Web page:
# Mathematical Food for Thought

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Serves a Daily Special and an All-You-Can-Eat Course in Problem Solving. Courtesy of me, Jeffrey Wang.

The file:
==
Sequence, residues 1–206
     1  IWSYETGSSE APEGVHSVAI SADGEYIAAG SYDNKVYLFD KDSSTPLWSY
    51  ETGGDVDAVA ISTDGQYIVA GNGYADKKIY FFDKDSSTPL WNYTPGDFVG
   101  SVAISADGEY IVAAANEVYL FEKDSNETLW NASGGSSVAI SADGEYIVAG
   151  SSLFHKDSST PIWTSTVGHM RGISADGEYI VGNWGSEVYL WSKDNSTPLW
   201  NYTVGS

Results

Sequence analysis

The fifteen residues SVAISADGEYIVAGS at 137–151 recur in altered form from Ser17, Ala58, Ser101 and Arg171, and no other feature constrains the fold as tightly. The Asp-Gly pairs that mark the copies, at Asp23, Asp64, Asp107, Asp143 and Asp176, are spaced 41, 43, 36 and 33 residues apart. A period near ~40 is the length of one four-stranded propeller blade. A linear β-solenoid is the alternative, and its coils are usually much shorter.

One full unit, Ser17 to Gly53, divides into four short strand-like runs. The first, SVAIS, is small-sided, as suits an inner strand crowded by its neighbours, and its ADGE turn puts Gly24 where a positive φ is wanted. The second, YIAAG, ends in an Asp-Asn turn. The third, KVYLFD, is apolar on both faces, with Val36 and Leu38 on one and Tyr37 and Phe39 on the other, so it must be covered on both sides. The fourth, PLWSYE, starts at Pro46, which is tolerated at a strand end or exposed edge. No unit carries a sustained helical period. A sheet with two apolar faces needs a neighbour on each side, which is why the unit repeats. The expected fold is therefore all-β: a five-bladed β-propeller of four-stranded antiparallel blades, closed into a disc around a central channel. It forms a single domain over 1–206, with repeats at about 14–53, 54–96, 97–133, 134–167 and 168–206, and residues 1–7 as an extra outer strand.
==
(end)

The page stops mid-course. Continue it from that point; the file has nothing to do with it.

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 Eww… Topic: Algebra/Inequalties. Level: AIME/Olympiad. September 30th, 2006 Problem: Find the minimum value of for . Solution: Make a handy substitution , and . Then we want to minimize after cancelling . But we see that this evenly divides and becomes . But and by AM-GM and the same equality case, so with equality at . QED. ——————– Comment: It was very useful to make the substitution and then homogenize the numerator so you could cancel things out evenly. Then classical inequalities (AM-GM) helped us finish it. ——————– Practice Problem: Prove that . Posted in AIME, Algebra, Inequalities, Olympiad || 2 Comments » This Is Mental Math?!? Topic: Number Theory. Level: AIME. September 27th, 2006 Problem: (2006-2007 Warm-Up 2) Let be the sum of the digits of . Find . Solution: Let’s try bounding our quantity. We know because is the number of digits of (except when is a power of ten, but those are trivial) and the biggest digit is . So we can say that so and because the largest sum of digits of any number less than is . So we know our value is less than . But remember that the sum of the digits of a number is equal to itself (prove this!) and so our answer is also . But the only number less than that works is then . QED. ——————– Comment: Admittedly, this is not likely to show up on a mental math test, but it’s feasible to do in your head. The bounding is not horrific and taking the mod is also not bad. Of course, seconds is pretty quick, but if you knew how to approach the problem already, it was definitely possible (and done). ——————– Practice Problem: Show that the sum of the digits of a number is congruent to itself modulo nine. Posted in AIME, Number Theory || 3 Comments » Parity Check. Topic: Logic/NT. Level: AIME/Olympiad. September 25th, 2006 Problem: (2000 Putnam – B1) Let be integers for . Assume for each , at least one of is odd. Show that exist integers such that is odd for at least values of , . Solution: A pretty notation-heavy, strange, contrived problem. Let’s get started. Where do we get in the denominator? How about from the number of binary triples that contain at least one ? In fact we may simplify the problem so that are all in the set because we only care about even and odd. Cool. Now let’s see… for which binary triples and is odd? Try it out. We will list the binary triples and give them variable names to simplify our lives. . Now we will write as where and . We make the following table: . A B C D E F G A X . X . X . X B . X X . . X X C X X . . X X . D . . . X X X X E X . X X . X . F . X X X X . . G X X . X . . X where an X in the entry in row and column signifies that is odd. Notice that each choice of makes four odd and each choice of has four possible to make it odd. Let denote the number of times is odd for . We want to show that there exists a such that . We know is the number of times we have an odd sum if we apply every possible . But if we apply every we know from our table that each of the binary triples produces an odd for four of the seven . So in fact . But since the average of the ‘s is then , there must exist at least one such that , as desired. QED. ——————– Comment: IMO, a very cool problem. Something that at first glance you sort of stare blankly at how they got such a ridiculous problem but then you realize it is a Putnam B1 so it couldn’t possibly that bad, which is soon followed by your realization of the simplification to binary and finally the recognition of the seven as the number of binary triples with at least one . Yay! ——————– Practice Problem: I have seven light bulbs which are off and seven switches labeled with the binary triples above. A switch turns on a light bulb if the dot product (as above) of the number of the switch and the number of the light bulb is odd. Show that if I flip each switch once the light bulbs will still all be off. Posted in Logic, Number Theory || No Comments » Pell. Topic: NT. Level: AIME/Olympiad. September 23rd, 2006 Problem: (2000 Putnam – A2) Prove that there exist infinitely many integers such that are each the sum of the squares of two integers. [Example: , , .] Solution: Consider the Pell Equation . It is well-known that this equation has an infinite number of positive integer solutions . This can be derived using truncated continued fractions representation of (see here). So if we let , we have , completing the problem. QED. ——————– Comment: This was one of the official solutions to the problem, even though all you had to know was that Pell Equations have an infinite number of solutions. There is a constructive solution to the problem as well, based on choosing certain . ——————– Practice Problem: Find the constructive solution (i.e. all numbers of the form work for some function ). Posted in AIME, Number Theory, Olympiad || 2 Comments » Infinite… POWER! Topic: Algebra/Inequalities/S&S. Level: AIME/Olympiad. September 22nd, 2006 Problem: (2000 Putnam – A1) Let be a positive real number. What are the possible values of , given that are positive numbers such that ? Solution: First, we will try to guess what the range is using inequalities. We obviously have because all the are positive. Also, by “expansion” (infinitely, but that’s ok). So for now, our guess is the interval . We want to show that given any we can make a sequence such that and . Well, we like easy sequences so consider if is a geometric sequence with common ratio . Then . We want to show that given any , we can find a positive real satisfying , the above equation, and . Rewriting the two equations (and squaring the first), we have so . Since we want , we must use the second factor, which gives us . But if , clearly , so there exists some positive ratio such that and . Hence the possible values are . QED. ——————– Comment: A surprisingly difficult A1 problem on a Putnam; it had less perfect scores than A2, B1, and B2 (which will probably be posted over the next week or so). It required some experience with inequalities to guess the range and then a clever assumption of a geometric series to complete the proof. ——————– Practice Problem: What if the terms could be any nonzero real? What are the possible values of then? Posted in AIME, Algebra, Inequalities, Olympiad, Sequences & Series || 1 Comment »